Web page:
Toyota set to rebound, investor says
Toyota's earnings are reviving, and the car company will get a boost once it puts its recall problems in the past.
By Gregg Greenburg, TheStreet
Toyota (TM) will put its car-recall issues behind it and lead the auto industry as competition with Ford (F) heats up, according to Shuhei Abe, manager of the Hennessy Select SPARX Japan Fund (SPXJX).
Abe also said Japan's economy will accelerate and corporate earnings are getting a big boost as its politicians come under pressure to produce growth.
The mutual fund returned 7.1% in the first quarter, trailing the MSCI Japan Index's 8.3% gain. The Hennessy Select SPARX Japan Fund outperformed the benchmark index in four of the past six calendar years, including 2008 and 2009. Abe recently discussed his investment strategies with TheStreet.
What is the state of the Japanese economy?
Abe: The Japanese economy has really suffered. I am not seeing strong signs of a recovery yet, but it is becoming a very important issue for the new government. The government faces an election in July so there are lots of measures to accelerate the recovery for the next few years.
How are Japanese banks faring?
Abe: Japanese banks have been damaged the least among their global competitors, but they have probably been the least aggressive in terms of growing in the domestic market. I would not bet on Japanese major banks for their future growth but at least they are stable.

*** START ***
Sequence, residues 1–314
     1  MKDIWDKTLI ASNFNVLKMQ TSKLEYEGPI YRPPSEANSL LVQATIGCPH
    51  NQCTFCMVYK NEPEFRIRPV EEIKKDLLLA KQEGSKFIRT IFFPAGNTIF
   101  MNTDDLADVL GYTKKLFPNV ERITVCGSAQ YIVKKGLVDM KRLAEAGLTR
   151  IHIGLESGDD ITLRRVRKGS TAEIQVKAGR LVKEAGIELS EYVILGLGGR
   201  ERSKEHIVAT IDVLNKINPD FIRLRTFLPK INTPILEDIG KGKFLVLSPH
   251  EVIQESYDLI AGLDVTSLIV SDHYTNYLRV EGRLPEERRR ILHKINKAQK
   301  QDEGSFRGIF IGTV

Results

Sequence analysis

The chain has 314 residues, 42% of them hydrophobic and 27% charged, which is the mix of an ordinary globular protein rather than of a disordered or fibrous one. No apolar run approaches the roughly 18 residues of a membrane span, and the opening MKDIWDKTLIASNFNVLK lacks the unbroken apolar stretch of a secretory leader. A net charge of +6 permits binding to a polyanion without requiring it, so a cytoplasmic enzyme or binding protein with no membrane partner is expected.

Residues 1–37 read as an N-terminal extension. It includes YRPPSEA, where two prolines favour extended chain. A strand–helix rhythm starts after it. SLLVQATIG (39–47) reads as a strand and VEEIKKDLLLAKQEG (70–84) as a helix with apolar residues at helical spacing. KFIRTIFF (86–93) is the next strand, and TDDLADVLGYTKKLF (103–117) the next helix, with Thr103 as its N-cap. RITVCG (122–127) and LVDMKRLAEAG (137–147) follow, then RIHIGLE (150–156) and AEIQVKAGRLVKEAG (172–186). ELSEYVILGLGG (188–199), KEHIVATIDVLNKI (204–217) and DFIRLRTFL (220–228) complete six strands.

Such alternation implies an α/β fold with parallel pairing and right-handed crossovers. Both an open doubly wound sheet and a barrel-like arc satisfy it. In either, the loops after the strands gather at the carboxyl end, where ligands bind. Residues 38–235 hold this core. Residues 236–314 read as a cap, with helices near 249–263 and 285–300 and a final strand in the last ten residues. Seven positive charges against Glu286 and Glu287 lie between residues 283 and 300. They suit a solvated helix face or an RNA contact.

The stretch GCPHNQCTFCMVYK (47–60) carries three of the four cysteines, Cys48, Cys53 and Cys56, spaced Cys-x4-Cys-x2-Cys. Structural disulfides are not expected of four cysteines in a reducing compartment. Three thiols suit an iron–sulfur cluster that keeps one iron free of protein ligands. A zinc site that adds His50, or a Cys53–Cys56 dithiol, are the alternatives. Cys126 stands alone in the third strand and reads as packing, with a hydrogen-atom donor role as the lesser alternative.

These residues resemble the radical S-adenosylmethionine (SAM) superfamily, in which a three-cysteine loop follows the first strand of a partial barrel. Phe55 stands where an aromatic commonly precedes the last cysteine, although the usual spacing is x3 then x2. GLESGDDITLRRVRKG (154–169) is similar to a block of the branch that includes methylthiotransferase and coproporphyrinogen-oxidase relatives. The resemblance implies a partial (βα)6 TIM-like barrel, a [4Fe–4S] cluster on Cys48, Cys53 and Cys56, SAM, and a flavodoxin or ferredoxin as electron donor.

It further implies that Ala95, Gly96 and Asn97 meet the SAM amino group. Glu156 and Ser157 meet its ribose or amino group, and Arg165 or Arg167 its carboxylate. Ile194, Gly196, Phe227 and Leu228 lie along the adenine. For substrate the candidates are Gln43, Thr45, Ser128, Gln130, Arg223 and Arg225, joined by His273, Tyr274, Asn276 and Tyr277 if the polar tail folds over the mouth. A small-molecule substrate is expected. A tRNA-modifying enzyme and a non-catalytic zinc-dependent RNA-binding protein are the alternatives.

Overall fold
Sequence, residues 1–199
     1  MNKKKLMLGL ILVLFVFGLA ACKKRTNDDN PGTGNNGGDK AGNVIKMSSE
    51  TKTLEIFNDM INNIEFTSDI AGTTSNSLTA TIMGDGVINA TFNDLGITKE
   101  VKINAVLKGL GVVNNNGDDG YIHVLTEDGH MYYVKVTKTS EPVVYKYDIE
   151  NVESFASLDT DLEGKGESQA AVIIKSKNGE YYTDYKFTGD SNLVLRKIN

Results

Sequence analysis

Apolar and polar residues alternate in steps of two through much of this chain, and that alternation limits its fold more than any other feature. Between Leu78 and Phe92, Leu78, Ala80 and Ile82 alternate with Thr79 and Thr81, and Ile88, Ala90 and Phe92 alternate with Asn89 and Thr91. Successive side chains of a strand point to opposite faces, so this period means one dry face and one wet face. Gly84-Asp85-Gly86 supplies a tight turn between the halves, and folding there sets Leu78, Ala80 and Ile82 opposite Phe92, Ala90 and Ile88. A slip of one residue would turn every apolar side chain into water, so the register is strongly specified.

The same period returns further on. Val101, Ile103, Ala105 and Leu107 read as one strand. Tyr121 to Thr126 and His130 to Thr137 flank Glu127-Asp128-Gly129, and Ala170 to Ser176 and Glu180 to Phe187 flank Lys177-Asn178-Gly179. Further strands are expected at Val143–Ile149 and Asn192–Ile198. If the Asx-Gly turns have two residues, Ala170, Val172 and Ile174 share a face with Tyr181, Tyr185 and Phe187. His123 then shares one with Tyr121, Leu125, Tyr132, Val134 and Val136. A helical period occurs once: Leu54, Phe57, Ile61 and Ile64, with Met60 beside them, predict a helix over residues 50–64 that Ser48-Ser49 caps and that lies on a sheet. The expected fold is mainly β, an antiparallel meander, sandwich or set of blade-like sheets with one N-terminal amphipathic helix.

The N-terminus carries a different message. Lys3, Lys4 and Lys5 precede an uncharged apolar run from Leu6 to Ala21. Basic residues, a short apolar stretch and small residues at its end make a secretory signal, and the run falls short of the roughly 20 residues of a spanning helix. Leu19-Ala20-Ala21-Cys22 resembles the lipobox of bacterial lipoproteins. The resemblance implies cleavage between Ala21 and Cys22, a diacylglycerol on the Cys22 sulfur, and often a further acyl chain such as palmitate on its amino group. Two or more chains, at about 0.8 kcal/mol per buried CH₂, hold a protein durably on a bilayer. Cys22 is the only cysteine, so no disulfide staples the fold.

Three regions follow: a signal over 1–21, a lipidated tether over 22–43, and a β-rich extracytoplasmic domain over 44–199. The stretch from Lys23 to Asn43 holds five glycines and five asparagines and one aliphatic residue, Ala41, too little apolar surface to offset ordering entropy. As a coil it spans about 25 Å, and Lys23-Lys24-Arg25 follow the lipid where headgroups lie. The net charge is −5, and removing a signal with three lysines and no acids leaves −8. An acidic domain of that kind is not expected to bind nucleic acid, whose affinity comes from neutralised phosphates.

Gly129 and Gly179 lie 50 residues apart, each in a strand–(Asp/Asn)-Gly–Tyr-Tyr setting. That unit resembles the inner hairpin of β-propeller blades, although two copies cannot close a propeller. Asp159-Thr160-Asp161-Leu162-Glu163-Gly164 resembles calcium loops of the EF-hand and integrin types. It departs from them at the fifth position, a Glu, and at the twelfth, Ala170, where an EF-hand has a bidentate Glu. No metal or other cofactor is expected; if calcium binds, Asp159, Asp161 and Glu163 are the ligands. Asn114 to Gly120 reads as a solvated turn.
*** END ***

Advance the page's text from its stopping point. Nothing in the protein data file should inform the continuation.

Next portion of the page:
The yen has strengthened versus the dollar over the past year. Can Japan thrive with the yen below 100?
Abe: Absolutely. Japanese companies have already budgeted at the yen level of 90. Even with that, the general market street estimates for the coming fiscal year ending in March 2011 say that earnings will grow by more than 50%. And estimates further say that in the year ending March 2012, earnings can grow 20% to 25% with the yen at the 90 level. So if the yen goes back up to 100, the growth of Japanese companies in general will be quite impressive. I would say they can handle the yen below 100. Whether they are happy about it is another story.
Has Japan learned to live with China as the major exporter from the region?
Abe: Most certainly. It is probably one of the biggest things that has happened over the past couple of years. Japan established "Japan Inc." after World War II, with Japan being the sole exporter, or "factory" for the U.S. The U.S. market was the only market it served. But in the past three to four years, that has completely changed, particularly after this crisis. China, including Hong Kong, has become the major customer for Japanese companies. Originally that trend started with capital goods to build the factories, but now it is more for consumer goods.
How are car-recall issues at Toyota reverberating in Japan?
Abe: Japanese people deep in their hearts are sympathetic. Yet, Toyota had to correct many things. They really created a dynasty that has been successful for such a long time. They have to reflect about what went wrong. That said, the things that they did wrong were really far less than the things they did well. So I am a strong believer that Toyota will revive. As a matter of fact, their base earnings are clearly reviving at a yen level of 90, according to what the company announced. So once they get over these problems in an honest and a clear manner, I am sure Toyota will be the one to lead the auto industry.
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The Detroit automaker recalled 1.6 million vehicles last month -- several years after a deadly problem was discovered.
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